Frost alumnus Andrew Scheps, who earned a Bachelor of Music in 1989, was the engineer for Black Sabbath’s comeback album, 13 (Vertigo/Republic), which won the Grammy in the Best Metal Performance category for the track “God is Dead?” The album also was nominated in the Best Rock Album and Best Rock Song categories. In 2011 Scheps won a Grammy for Album of the Year for his engineering work on Adele’s landmark album 21 (XL Recordings).

Triple UM alumnus, Christopher “Kip” Sullivan, a partner with Summit Records who earned his bachelor’s and master’s degrees in music and his M.B.A. from the U in the 1980s, celebrated a Grammy win for Best Large Jazz Ensemble Album for his label’s Night In Calisia by winners Randy Brecker, Włodek Pawlik Trio, and Kalisz Philharmonic.

The University also earned nominations for Frost Dean Shelly Berg—a Steinway piano artist and critically acclaimed recording artist, composer, arranger, and orchestrator—who was nominated for his second Grammy in the Best Arrangement Accompanying a Vocalist category for “What a Wonderful World” on Gloria Estefan’s The Standards (Sony Masterworks). Berg was nominated in the same category last year for his arrangement of “Out There” on Lorraine Feather’s release, Tales of the Unusual (Jazzed Media).  He also arranged, orchestrated, and performed on Lorraine Feather’s 2014 Grammy-nominated album, Attachments.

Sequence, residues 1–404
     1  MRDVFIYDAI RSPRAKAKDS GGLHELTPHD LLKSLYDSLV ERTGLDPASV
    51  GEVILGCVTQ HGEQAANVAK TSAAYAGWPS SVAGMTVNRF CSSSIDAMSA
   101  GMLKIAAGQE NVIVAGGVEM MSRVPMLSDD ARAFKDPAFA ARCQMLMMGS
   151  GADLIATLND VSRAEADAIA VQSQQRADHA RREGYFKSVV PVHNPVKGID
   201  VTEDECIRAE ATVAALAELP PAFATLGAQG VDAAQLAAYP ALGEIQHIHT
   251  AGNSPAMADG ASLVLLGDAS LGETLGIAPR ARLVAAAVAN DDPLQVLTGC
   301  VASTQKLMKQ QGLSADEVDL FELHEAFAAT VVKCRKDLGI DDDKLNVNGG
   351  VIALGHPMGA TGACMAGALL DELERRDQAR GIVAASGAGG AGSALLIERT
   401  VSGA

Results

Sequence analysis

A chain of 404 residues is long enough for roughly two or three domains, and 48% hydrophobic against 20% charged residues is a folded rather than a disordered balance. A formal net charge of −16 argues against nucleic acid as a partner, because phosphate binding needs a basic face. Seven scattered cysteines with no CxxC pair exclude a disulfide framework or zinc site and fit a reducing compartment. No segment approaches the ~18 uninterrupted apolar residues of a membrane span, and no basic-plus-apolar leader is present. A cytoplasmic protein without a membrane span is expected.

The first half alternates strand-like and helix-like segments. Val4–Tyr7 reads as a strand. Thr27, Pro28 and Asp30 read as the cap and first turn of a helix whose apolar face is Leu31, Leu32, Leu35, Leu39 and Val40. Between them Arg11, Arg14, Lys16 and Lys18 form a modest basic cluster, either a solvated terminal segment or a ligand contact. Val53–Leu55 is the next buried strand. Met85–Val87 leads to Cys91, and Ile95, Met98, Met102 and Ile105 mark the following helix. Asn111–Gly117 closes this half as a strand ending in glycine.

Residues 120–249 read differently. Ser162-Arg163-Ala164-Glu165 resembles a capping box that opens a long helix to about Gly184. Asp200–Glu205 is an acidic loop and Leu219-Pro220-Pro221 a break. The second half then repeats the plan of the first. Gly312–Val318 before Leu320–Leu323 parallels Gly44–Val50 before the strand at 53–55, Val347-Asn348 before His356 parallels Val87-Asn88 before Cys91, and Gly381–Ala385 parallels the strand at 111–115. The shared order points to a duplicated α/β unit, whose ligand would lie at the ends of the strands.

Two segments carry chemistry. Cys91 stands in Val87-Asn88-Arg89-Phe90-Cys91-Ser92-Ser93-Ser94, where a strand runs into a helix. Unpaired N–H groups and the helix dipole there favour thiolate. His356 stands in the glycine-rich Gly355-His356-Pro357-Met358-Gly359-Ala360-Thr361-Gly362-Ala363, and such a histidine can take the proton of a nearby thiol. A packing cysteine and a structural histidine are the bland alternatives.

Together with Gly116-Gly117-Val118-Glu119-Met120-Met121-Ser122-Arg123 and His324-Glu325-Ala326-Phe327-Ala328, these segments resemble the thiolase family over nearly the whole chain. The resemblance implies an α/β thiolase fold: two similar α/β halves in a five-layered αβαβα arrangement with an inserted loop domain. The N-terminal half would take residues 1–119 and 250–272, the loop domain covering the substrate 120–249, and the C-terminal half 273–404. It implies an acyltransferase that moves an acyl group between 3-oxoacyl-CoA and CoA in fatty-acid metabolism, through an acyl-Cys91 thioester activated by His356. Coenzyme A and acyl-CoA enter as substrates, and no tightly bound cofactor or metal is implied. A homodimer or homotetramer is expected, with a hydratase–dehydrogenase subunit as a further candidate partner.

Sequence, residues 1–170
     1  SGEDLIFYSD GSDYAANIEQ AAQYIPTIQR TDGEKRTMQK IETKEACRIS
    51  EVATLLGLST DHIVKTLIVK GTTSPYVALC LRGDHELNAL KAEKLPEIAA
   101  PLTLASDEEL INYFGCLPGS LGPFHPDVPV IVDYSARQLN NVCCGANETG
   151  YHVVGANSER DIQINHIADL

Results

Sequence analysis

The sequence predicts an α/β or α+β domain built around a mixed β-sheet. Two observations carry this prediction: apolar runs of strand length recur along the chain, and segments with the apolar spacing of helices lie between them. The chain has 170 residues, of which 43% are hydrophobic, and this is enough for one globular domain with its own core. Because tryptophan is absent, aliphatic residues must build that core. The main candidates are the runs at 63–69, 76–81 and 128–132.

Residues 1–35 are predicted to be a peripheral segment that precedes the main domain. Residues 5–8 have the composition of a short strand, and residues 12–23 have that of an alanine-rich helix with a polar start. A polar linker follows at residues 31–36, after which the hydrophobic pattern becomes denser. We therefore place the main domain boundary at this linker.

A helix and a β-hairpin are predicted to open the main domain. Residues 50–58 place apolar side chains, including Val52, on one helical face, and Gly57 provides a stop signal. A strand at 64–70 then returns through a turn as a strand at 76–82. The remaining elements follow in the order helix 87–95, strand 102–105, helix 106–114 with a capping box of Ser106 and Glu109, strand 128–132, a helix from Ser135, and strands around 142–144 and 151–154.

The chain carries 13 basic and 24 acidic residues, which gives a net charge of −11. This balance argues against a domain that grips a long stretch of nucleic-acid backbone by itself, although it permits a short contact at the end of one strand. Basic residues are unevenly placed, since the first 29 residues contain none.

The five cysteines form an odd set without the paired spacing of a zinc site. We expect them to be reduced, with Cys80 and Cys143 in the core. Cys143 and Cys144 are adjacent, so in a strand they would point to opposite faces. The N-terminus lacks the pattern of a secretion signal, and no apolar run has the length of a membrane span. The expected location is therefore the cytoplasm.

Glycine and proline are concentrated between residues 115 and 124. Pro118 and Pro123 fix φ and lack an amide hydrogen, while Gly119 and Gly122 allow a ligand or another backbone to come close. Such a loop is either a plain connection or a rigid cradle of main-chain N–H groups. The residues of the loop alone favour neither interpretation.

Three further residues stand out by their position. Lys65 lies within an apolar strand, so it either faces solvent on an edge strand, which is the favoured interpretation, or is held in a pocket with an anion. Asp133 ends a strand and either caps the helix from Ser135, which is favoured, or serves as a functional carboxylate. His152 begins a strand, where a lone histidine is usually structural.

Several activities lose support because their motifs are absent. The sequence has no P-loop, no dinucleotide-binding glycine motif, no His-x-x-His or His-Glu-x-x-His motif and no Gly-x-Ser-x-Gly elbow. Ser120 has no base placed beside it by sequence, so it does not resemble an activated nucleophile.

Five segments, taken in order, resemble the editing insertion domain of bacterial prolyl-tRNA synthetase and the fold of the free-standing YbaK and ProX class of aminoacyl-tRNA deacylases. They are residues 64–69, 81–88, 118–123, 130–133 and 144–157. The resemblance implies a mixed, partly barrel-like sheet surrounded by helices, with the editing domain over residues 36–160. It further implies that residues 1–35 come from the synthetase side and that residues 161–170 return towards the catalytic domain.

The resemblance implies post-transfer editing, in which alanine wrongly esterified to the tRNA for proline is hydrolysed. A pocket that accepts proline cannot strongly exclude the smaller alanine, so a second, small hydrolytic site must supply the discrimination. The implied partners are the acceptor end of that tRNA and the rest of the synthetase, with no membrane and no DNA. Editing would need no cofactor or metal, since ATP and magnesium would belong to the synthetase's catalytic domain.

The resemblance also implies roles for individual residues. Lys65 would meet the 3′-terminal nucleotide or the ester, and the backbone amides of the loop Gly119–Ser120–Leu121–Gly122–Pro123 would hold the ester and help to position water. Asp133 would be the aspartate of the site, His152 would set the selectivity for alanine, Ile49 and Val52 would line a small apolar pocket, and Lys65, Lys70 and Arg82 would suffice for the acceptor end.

Estefan, a multi-platinum, seven-time Grammy winning international vocal superstar, was nominated again in the Best Traditional Pop Album category for her  critically acclaimed Standards album, which she produced with Berg and her husband, Emilio Estefan. A UM alumna and trustee, Estefan also presented at the awards ceremony, held January 26 at the Staples Center in Los Angeles.


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Wanted: Motivated UM Students to Explore the Galapagos Islands This Summer

There are still a few spots left for the three-week, multimedia writing and acoustic ecology course in the Galapagos Islands May 12-31. Led by University of Miami Communication Professor Joseph B. Treaster, a longtime correspondent with The New York Times, and Professor Colby Leider, the director of  the Frost School of Music’s Department of Engineering, this Summer Abroad 2014 program is designed to develop cultural and environmental knowledge and hone critical thinking, writing,  and digital skills essential for any  career. It is open to all majors. Participants earn six writing credits while exploring one of the most exotic places on earth. To apply, contact Professor Treaster at treaster@miami.edu or 917-575-9562, or  Professor Leider at c.leider@miami.edu or 786-281-1086.